An attempt to reauthorize the Juvenile Justice and Delinquency Prevention Act (JJDPA) has stalled, and its most controversial provision is the reason.
Senator Tom Cotton (R-Ark.) placed a hold on the JJDPA bill over his concern with a three-year phaseout of the valid court order (VCO), the one exception that allows a system to comply with federal standards while detaining youth for status offenses.
Roll Call‘s Jason Dick reported from the floor that after a heated exchange with bill co-sponsor Charles Grassley (R-Iowa), Cottons said, “I would like to take more time to discuss one specific provision of the bill relating to juvenile status offenders and secure confinement.”
Dick relayed that Cotton said he felt judges should have the option to place juvenile offenders in detention centers if they violate an order to take part in rehabilitation or other treatments.
Cotton’s hold ends yet another attempt to move reauthorization of the nation’s only federal standards on juvenile justice, which were initially passed in 1974. JJPDA has not been reauthorized since 2002.
“It is our hope that with some further education and outreach, we can get Senator Cotton on board with a yes vote, enabling all children who come in contact with the law to be safe and get the supports they need to successfully return home,” said Campaign for Youth Justice CEO Marcy Mistrett, whose organization is a major advocate for the reauthorization.
There are several updates made to federal law in the current bill, but none is bigger than the VCO phase-out that Cotton opposes. Here’s why.
In 1974, JJDPA standards prohibited the detention of any youth that committed a status offense, the list of transgressions that are only crimes if you are under 18. Among the most prevalent status offenses: truancy, running away from home, incorrigible behavior, breaking a curfew.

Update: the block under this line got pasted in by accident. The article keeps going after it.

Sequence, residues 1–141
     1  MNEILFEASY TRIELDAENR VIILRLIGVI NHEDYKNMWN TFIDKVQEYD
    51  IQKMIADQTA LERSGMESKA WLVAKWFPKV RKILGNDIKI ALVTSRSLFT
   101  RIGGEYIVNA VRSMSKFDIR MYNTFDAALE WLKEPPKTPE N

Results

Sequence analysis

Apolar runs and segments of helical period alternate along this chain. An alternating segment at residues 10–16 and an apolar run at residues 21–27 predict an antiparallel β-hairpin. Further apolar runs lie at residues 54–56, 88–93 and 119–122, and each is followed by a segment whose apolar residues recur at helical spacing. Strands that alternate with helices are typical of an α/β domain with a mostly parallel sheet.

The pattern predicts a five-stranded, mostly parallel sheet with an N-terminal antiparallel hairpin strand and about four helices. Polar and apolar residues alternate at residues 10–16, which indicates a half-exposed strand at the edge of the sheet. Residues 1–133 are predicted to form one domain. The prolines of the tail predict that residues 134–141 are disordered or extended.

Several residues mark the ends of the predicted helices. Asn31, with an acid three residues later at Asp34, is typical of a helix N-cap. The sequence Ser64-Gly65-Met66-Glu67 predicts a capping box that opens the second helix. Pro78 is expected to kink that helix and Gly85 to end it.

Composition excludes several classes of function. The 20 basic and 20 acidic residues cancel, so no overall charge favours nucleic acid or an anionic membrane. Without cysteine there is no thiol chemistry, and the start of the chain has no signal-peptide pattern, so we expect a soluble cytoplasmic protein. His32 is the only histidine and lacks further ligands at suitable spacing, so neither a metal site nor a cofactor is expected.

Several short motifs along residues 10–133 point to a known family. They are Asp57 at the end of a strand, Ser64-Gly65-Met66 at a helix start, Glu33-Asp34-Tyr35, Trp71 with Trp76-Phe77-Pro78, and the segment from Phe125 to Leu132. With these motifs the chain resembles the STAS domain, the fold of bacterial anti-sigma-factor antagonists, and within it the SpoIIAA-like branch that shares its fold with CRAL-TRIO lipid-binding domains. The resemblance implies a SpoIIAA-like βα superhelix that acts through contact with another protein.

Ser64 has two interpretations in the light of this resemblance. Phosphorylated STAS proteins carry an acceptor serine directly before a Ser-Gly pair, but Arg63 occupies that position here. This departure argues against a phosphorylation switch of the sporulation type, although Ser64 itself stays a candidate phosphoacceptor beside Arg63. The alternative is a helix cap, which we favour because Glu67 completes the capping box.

It’s not exactly a mandate from up high; judges could still theoretically do as they pleased. But now, federal money for juvenile justice was tied in part to finding other ways to handle status offenders.
In 1980, the National Council on Juvenile and Family Judges (NCJFCJ) led a successful campaign to establish the valid court order exception (VCO) to the rule. Now, under federal standards, a judges still could not detain a kid for committing a status offense. But he could issue that kid a court order full of things to live up to – attend school, see a therapist, don’t run away – and detain the youth for failing to meet those terms.
Thus a second status offense, in violation of that VCO, became a detainable transgression.
VCO usage is pretty uneven. Half of the states either ban VCO through state law, or reported no use of it in fiscal 2013. Another ten states, plus Washington, D.C., used it a cumulative 410 times to detain a youth.
Then there are 16 states in which the VCO was used it at least 100 times. Together, a VCO was used a total of 7,054 times as the underlying reason for a detention.
Arkansas is one of those states, clocking in with 757 VCO detentions in fiscal 2013.